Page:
German KIA/DOW per 100 Allied KIA/DOW: 141
Patton’s Third Army
German KIA/DOW: 144,500;
Allied KIA/DOW: 16,596;
German KIA/DOW per 100 Allied KIA/DOW: 871
Other Allied units
German KIA/DOW: 118,500;
Allied KIA/DOW: 170,304;
German KIA/DOW per 100 Allied KIA/DOW: 70
This would mean that either Patton’s Third Army was much superior to other Allied units that took part in the 1944/45 campaign in northwestern Europe, or Province's figures on enemy casualties inflicted by Patton's Third Army are considerably exaggerated.
Accident and death
On December 9, 1945, a day before he was due to return to the United States, Patton was severely injured in a road accident. He and his chief of staff, Major General Hobart R. "Hap" Gay, were on a day trip to hunt pheasants in the country outside Mannheim. Their 1938 Cadillac Model 75 was driven by Private First Class Horace Woodring (1926 - 2003), with Patton sitting in the back seat on the right side, with General Gay on his left, as per custom. At 11:45 near Neckarstadt (Mannheim-Käfertal), a 2½ ton GMC truck driven by Technical Sergeant Robert L. Thompson hit the car containing the general head-on. According to the book Unexplained Mysteries of World War II, as the crash was at a railway crossing and the vehicles were just starting up, this means the crash was at no more than 20 miles per hour (32 km/h).
At first the crash seemed minor, the vehicles were hardly damaged, no one in the truck was hurt, and Gay and Woodring were uninjured. However, Patton was leaning back with trouble breathing. The general had been thrown forward and his head struck a metal part of the partition between the front and back seats. Paralyzed from the neck down, he was rushed to the military hospital in Heidelberg. Patton died of an embolism on December 21, 1945 with his wife present.
Patton was buried at the Luxembourg American Cemetery and Memorial in Hamm, Luxembourg along with other members of the Third Army. On March 19, 1947, his body was moved from the original grave site in the cemetery to its current prominent location at the head of his former troops. A cenotaph was placed at the Wilson-Patton family plot at the San Gabriel Cemetery in San Gabriel, California, adjacent to the Church of Our Saviour (Episcopal), where Patton was baptized and confirmed. In the narthex of the sanctuary of the church is a stained glass window honor which features, among other highlights of Patton's career, a picture of him riding in a tank. A statue of General Patton is between the church and the family plot. Patton's car was repaired and used by other officers. The car is now on display with other Patton artifacts at the General George Patton Museum at Fort Knox, Kentucky.
Controversies and criticism
Patton more than once caused political irritations and was criticized for some controversial faux pas, such as the "Sicily slapping incident" in 1943. Patton, in several reports, insisted on the highest standard of order and grooming within his army's area and imposed fines for anyone who violated his strict guidelines.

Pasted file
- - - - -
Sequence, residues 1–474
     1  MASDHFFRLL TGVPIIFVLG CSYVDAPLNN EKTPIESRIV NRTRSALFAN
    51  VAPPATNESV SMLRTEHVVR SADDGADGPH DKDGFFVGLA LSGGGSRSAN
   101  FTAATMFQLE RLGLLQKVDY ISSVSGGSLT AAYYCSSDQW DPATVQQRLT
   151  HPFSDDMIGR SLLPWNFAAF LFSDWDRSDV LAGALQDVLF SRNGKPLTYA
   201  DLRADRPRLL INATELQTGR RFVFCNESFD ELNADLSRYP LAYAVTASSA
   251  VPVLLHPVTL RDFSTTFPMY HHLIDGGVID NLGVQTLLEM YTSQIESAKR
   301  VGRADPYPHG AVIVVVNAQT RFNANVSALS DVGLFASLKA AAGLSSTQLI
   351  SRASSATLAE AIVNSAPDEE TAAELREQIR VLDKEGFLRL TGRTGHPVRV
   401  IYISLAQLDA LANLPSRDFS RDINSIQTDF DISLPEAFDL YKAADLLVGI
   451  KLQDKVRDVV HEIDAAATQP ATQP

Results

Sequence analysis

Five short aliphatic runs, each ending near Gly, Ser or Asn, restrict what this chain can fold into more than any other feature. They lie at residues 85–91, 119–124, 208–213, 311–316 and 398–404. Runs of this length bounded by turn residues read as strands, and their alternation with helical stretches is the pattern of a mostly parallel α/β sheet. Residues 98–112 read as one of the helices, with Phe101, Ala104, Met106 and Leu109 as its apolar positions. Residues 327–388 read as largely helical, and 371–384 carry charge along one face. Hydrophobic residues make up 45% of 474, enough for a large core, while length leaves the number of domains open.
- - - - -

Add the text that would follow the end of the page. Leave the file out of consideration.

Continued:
Patton has a reputation today as a general who was very impatient with the officers under him, compared to Omar Bradley, his colleague and later superior, but the truth is much more complicated. Patton actually fired only one general during World War II, Orlando Ward, and only after repeated warnings, whereas Bradley sacked more than a dozen generals during the war with little provocation.
After the German surrender
After the surrender of May 8, 1945 eliminated the threat of Nazi Germany, Patton was quick to assert the Soviet Union would cease to be an ally of the United States. He was concerned that some 25,000 American POWs had been liberated from POW camps by the Soviets, but were never returned to the US. In fact, he urged his superiors to evict the Soviets from central and eastern Europe. Patton thought that the Red Army was weak, under-supplied, and vulnerable, and the United States should act on these weaknesses before the Soviets could consolidate their position. In this regard, he told then-Undersecretary of War Robert P. Patterson that the "point system" being used to demobilize Third Army troops was destroying it and creating a vacuum that the Soviets would exploit. "Mr. Secretary, for God’s sake, when you go home, stop this point system; stop breaking up these armies," pleaded the general. "Let’s keep our boots polished, bayonets sharpened, and present a picture of force and strength to these people, the Soviets. This is the only language they understand." Asked by Patterson — who would become Secretary of War a few months later — what he would do, Patton replied: "I would have you tell the Red Army where their border is, and give them a limited time to get back across. Warn them that if they fail to do so, we will push them back across it."